Progression on the squat programme
Progressive overload comes each week through adding sets, which is great for hypertrophy (muscle building) plus adding load to the bar (which is great for strength) I recommend adding 2.5 to 5kg per week.
Day 1 is your harder day, whilst day 2 is your moderate day.
Looking for a Full Body Bodybuilding Programme?
I’ve put together a 17-week hypertrophy programme.
It’s an evidence-based programme designed to build not just your legs, but your chest, back and delts.
Plus, it comes with specific guidance so that you can adjust your amount of training each week to suit your recovery.
You can find out more about the programme here.
Alternatives for Squat – 2 Exercises You Should Try
We’ve covered the different muscles worked in a squat, and the muscles worked in squat variations, but what if squats don’t suit your build? Or perhaps you only feel squats in your lower back and not in your quads and glutes like you’re supposed to? Try these squat alternatives instead…
Hack squats support your upper body and keep you stable so that you can focus on making your legs do the work. The first time you do these, expect some serious soreness.
Hack Squat Muscles Worked
The hack squat focuses on working your quads above all other muscles. It will still hit your glutes and adductors a little bit, but your quads will be on fire. I recommend starting with 2 sets the first time you try these, and only adding more sets if you recover on time for your next leg workout.
Split squats are a fantastic squat alternative that allows you to train each side of your lower body independently. This makes split squats good for building stability and preventing muscle imbalances.
I recommend sets of 6-12 reps each side, focusing on a slow, controlled downwards movement.
Split Squat Muscles Worked
Split squats work your quads, glutes and adductors, with a little bit of hamstring assistance too.
What Muscle Does A Squat Work: Frequently Asked Questions
How much squat weight?
The weight you use in the squat depends on your training goal. If you’re training for strength then you should use heavier weights, typically 75% of your 1 repetition maximum and above. If you’re training for size, you can use lighter, medium or heavier weights, with ranges from 30% up to 75% of your 1 rep max (about 30 to 5 reps)
How many squats should I do?
It’s best to start with fewer sets and add more over time based on your recovery. I recommend starting with around 3 or 4 sets per workout.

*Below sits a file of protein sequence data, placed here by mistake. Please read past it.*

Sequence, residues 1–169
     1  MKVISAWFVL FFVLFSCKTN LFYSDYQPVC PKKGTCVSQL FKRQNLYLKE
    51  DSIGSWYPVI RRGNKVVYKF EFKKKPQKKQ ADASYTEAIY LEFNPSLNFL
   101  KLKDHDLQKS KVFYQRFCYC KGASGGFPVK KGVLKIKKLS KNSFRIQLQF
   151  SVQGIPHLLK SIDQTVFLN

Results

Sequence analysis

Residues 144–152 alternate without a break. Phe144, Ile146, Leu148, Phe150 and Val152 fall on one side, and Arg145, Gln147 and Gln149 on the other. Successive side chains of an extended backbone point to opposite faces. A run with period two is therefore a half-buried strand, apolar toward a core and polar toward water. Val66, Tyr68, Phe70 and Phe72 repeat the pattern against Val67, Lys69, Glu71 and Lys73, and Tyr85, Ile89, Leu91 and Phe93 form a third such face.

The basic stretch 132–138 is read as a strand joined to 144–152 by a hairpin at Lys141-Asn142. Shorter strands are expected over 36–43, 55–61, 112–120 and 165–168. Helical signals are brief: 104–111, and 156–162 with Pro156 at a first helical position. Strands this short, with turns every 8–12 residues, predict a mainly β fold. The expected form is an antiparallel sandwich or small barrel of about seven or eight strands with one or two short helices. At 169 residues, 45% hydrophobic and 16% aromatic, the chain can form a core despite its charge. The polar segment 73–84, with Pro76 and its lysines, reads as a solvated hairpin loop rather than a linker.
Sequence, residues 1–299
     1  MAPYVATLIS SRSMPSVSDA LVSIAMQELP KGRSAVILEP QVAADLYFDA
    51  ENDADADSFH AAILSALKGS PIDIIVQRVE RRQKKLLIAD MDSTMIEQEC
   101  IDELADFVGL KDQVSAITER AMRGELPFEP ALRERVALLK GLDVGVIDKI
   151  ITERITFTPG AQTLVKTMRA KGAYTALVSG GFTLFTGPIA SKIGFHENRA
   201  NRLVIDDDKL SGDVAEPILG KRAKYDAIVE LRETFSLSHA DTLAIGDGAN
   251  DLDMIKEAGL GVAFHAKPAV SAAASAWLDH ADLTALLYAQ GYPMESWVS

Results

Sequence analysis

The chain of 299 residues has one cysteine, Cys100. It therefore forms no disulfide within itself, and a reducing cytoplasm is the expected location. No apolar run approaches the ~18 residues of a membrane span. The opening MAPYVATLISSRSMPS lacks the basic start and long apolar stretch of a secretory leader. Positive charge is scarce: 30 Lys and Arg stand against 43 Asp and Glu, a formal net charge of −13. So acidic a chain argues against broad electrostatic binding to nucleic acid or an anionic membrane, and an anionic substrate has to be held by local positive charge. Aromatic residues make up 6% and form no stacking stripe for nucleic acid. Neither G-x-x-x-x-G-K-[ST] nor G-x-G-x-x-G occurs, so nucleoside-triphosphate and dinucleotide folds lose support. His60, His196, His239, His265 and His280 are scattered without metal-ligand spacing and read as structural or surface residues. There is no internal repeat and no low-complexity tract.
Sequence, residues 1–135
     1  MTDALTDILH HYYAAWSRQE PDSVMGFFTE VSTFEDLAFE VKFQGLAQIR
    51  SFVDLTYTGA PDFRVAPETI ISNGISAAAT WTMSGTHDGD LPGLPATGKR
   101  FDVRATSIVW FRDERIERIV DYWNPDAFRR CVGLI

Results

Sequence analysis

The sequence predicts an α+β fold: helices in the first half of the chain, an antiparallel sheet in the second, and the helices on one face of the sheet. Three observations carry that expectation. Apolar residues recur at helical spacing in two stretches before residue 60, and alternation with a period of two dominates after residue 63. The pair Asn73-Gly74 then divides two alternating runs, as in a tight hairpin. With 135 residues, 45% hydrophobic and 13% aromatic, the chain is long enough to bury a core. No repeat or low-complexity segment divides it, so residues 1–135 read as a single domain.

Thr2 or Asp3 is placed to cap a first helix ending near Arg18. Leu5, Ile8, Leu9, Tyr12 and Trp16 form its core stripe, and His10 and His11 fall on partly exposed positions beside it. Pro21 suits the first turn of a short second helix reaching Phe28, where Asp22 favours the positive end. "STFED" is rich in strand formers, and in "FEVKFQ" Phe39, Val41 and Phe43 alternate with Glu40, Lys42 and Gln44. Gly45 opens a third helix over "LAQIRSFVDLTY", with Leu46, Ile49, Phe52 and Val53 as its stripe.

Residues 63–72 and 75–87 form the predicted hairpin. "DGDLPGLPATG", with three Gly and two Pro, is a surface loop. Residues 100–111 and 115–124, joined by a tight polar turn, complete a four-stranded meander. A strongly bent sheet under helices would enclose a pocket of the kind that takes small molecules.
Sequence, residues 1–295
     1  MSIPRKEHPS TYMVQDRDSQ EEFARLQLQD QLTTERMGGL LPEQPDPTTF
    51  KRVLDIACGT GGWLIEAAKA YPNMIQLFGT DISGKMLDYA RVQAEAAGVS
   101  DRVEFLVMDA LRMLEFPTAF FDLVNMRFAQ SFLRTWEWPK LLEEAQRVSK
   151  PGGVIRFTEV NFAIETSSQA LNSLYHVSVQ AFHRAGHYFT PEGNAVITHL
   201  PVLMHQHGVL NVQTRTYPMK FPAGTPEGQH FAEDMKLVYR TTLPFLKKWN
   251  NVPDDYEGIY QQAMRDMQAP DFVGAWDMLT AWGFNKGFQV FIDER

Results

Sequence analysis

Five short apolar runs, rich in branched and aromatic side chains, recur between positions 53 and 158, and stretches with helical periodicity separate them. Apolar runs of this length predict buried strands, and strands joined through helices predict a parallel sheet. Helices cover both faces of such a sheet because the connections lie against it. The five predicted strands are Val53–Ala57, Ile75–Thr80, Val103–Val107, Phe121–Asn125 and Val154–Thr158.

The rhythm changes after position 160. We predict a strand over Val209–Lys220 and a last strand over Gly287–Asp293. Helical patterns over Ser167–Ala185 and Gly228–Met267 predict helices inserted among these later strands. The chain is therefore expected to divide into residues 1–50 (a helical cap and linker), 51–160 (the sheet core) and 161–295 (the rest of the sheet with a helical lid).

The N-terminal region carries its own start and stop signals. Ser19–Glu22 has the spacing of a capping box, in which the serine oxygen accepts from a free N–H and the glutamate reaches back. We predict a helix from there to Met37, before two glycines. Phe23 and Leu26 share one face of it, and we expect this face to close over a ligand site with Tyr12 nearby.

How often should I do squats?
You should perform squats only as often as you can properly recover from them. Typically, heavy squats should only be performed every 5 days, as this is the time needed for muscles, joints and bones to fully heal. In the meantime you could perform lighter squat variations or other leg exercies.
Are squats muscular endurance or muscular strength?
Squats can be either muscular endurance or muscular strength depending on the weight you use and how many reps you do. For strength, focus on heavier weights for sets of 1-6 reps. For endurance, focus on lighter weights with sets of 20+ reps.
Do squats without weights build muscle?
Squats without weight can build muscle, but probably not very well for most people (other than complete beginners) as they won’t be challenging enough. With that said, bodyweight squats can be a decent ‘finisher’ type exercise after performing some heavier work, for example going straight from a set of hack squats into a set of bodyweight squats will toast your quads.
Do squats work abs?
Squats do technically work your abs, and they’re better than doing nothing. However, if you really want to train your abs for size or strength you should add in some planks, deadbugs, crunches etc.
Alright, that’s enough reading for today, time for action…
1) Get in the gym and start training your squats, maybe even run through my 4-week squat programme. Get stronger legs, add some muscle size, and try to walk downstairs safely.
2) If you want more training tips, workouts and programmes, feel free to join my mailing list.
3) And if you’re looking for 1:1 strength and conditioning coaching, you can find more information about my services here.
‘Til Next Time
Alex Parry, MSc, BA
Alex’s experience includes 8+ years within strength & conditioning, including supporting 2 major universities, 2 national talent pathways and a selection of international level athletes.
He is also a tutor and educator for British Weightlifting
Nishiwaki, G. A., Urabe, Y., & Tanaka, K. (2006). EMG Analysis of Lower Extremity Muscles in Three Different Squat Exercises. Journal of the Japanese Physical Therapy Association = Rigaku ryoho, 9(1), 21–26. https://doi.org/10.1298/jjpta.9.21